"Blocking IL-17A may be a useful strategy to counteract the effects of traffic-related air pollution, especially in highly exposed allergic asthmatic children," says Dr. Hershey.

Background
IL-17A has been implicated in severe forms of asthma. However, the factors that promote IL-17A production during the pathogenesis of severe asthma remain undefined. Diesel exhaust particles (DEPs) are a major component of traffic-related air pollution and are implicated in asthma pathogenesis and exacerbation.

Objective
We sought to determine the mechanism by which DEP exposure affects asthma severity using human and mouse studies.

Methods
BALB/c mice were challenged with DEPs with or without house dust mite (HDM) extract. Airway inflammation and function, bronchoalveolar lavage fluid cytokine levels, and flow cytometry of lung T cells were assessed. The effect of DEP exposure on the frequency of asthma symptoms and serum cytokine levels was determined in children with allergic asthma.

Results
In mice exposure to DEPs alone did not induce asthma. DEP and HDM coexposure markedly enhanced airway hyperresponsiveness compared with HDM exposure alone and generated a mixed TH2 and TH17 response, including IL-13+IL-17A+ double-producing T cells. IL-17A neutralization prevented DEP-induced exacerbation of airway hyperresponsiveness. Among 235 high DEP–exposed children with allergic asthma, 32.2% had more frequent asthma symptoms over a 12-month period compared with only 14.2% in the low DEP–exposed group (P = .002). Additionally, high DEP–exposed children with allergic asthma had nearly 6 times higher serum IL-17A levels compared with low DEP–exposed children.

Conclusions
Expansion of TH17 cells contributes to DEP-mediated exacerbation of allergic asthma. Neutralization of IL-17A might be a useful potential therapeutic strategy to counteract the asthma-promoting effects of traffic-related air pollution, especially in highly exposed patients with severe allergic asthma.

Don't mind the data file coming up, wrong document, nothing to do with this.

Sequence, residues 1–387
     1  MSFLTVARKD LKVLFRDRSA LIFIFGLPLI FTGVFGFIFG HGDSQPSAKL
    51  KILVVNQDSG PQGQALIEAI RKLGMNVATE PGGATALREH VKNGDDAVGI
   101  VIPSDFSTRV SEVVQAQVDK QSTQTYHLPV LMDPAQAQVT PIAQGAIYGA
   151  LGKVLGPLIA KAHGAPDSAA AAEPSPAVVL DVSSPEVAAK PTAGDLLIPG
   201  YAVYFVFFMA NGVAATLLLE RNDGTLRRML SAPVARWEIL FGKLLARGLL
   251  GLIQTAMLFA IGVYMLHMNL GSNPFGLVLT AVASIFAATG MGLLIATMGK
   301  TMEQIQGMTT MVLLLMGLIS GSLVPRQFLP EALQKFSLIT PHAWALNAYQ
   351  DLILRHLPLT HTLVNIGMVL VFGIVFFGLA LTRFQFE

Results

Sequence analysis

The study was supported by grants from the NIEHS (R21016830; T32 ES010957) and the NHLBI (R01HL097135).

About Cincinnati Children's
Cincinnati Children's Hospital Medical Center ranks third in the nation among all Honor Roll hospitals in U.S.News and World Report's 2013 Best Children's Hospitals ranking. It is ranked #1 for cancer and in the top 10 for nine of 10 pediatric specialties. Cincinnati Children's, a non-profit organization, is one of the top three recipients of pediatric research grants from the National Institutes of Health, and a research and teaching affiliate of the University of Cincinnati College of Medicine. The medical center is internationally recognized for improving child health and transforming delivery of care through fully integrated, globally recognized research, education and innovation. Additional information can be found at http://www.cincinnatichildrens.org. Connect on the Cincinnati Children's blog, via Facebook and on Twitter.

Original press releas: http://www.cincinnatichildrens.org/news/release/2013/protein-explains-asthma-severity-09-23-2013/